The Sorrento is probably one of the best made guitars I've ever played. Sound wise it's quite versatile as well. They were closing them out at the end for $499 with case and I was looking at Ibanez artcore, lower end Gretsch and a few others and I just couldn't get as much guitar for that kind of money. Keep in mind the Sorrento 1961 reissue has Gibson minihumbuckers in it as well as CTS pots and Switchcraft jack and plug, all stock. So after all the mods I'd need to make to anything else to get it to that level was just crazy costs wise. I was looking at $800 or more to match it with any other guitar.
The fact that they were really well made is just another big plus. No need for fret work, and the setup was decent right out of the case.
The $50 I spent on the trem and $25 on the roller bridge were all I've spent on it since and they were great investments.
They go for just under $350 to $500 on ebay every so often, and I'd recommend them if you got the cash for it.
Sounds really good!
Back when I was first going to music stores in the very early 2000s, they had the orange and olive burst models on the wall at some places, but I was a pennyless college student, so could only dream of owning my own. Then I saved up and bought my main guitar, a second-hand Epi Riviera Elitist in 2004, and was alright for many years.
However my favourite guitar ever is the ES 125, and it's derivatives (including the Sorrento). I only have two electrics at the moment, but I want a guitar in this vein. If I come across an olive-burst Sorrento for a good price, I may just buy it, but unseen and unplayed it's good to know the Chinese factory did a good job.
Since it's the weekend, I finally got a bit of time to start planning my SG scratch build. I spent so many hours looking at various SGs, vintage, modern and clones, SG inspired production models, that my hands are almost itching to grab a mahogany body blank, get my ass to the workshop and get to work.
Also I had a look at the neck tenon on my Greco, and it dawned on me that the ugly triangular holes on under the tenon-cover do signal a purely economic, wood saving measure. The neck tenon has a roughly 13/16 inch thick heel slab, that makes up the long tenon, that extends under the neck pickup. So there's indeed an extra wood block glued to that lower half, so the actual neck blank can be cut roughly 3 inches shorter. Since much of the long tenon would go to waste during routing, I can't really be angry about them using cut offs for the task. It's not pretty, but at least it's logical.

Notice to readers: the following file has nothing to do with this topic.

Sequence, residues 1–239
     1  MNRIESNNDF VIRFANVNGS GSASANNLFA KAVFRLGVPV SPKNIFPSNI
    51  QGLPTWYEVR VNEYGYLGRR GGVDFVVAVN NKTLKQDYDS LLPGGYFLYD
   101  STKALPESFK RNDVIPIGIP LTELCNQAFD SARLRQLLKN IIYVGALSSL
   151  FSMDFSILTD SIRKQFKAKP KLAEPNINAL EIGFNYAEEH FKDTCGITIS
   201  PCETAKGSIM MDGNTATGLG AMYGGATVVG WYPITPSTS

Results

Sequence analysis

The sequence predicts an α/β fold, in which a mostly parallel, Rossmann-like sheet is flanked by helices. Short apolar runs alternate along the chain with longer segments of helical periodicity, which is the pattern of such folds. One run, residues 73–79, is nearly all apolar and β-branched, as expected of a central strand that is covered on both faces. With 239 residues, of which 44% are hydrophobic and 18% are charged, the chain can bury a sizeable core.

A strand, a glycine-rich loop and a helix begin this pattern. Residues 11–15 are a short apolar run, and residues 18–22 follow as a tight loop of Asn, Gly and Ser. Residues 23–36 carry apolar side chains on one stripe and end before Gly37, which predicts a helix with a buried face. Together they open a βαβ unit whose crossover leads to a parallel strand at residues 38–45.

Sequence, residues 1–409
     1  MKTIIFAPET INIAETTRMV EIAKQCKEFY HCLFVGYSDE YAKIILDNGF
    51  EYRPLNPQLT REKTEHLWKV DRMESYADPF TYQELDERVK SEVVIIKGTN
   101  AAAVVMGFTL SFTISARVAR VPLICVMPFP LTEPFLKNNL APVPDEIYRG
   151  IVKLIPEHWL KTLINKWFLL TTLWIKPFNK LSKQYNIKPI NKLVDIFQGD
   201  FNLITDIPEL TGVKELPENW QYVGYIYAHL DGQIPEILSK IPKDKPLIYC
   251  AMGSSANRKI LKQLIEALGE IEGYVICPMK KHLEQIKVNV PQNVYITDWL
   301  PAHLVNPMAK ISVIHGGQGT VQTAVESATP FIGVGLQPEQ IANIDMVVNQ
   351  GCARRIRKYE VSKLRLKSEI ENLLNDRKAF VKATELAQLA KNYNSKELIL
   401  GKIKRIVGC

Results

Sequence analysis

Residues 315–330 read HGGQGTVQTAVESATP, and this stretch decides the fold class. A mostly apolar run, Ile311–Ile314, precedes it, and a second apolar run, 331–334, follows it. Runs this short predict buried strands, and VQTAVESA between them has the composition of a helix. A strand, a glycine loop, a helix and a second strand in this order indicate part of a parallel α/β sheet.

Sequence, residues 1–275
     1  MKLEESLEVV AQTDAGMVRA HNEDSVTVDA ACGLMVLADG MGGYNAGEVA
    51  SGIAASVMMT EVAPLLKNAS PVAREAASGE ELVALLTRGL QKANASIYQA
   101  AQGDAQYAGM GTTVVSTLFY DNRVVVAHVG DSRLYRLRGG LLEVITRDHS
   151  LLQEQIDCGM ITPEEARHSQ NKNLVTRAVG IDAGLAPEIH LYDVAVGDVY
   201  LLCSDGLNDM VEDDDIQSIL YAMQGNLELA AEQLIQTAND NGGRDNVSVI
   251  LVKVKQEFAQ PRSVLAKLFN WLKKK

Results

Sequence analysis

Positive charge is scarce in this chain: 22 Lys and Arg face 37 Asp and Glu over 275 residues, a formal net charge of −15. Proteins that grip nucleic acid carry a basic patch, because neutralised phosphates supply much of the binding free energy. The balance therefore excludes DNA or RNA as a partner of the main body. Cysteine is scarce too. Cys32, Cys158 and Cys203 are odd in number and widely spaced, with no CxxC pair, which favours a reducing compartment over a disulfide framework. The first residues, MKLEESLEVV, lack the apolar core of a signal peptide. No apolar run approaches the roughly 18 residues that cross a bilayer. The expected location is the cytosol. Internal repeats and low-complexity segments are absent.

Okay folks. No news on the Greco front - Tom's disappeared again, but it's summer vacation season, so I guess I just have to sit it out - BUT my Edwards E-SG has FINALLY arrived three months after the purchase (CITES...), and it is nice. Very professional in build and playability, will need to adjust some things, make some upgrades (capacitors and a sideways Switchcraft selector, perhaps new pickups instead of the Duncan SH1/SH4 combo, and a NGD thread is due.
And once the Greco is finished I'll take it to Tom for a refinish in a cool new colour. :-D
ALRIGHT! Tom's back, and work will wrap up in the foreseeable future. Finally...
I visited him today, no updates beyond the confirmation of the job going forward and some minor bits of refreshing the memories from May. I'll be back with pics when they happen.
Until then, here's the link to the NGD thread with photos of the Edwards SG I recently bought, that I'll have refinished after the Greco is done.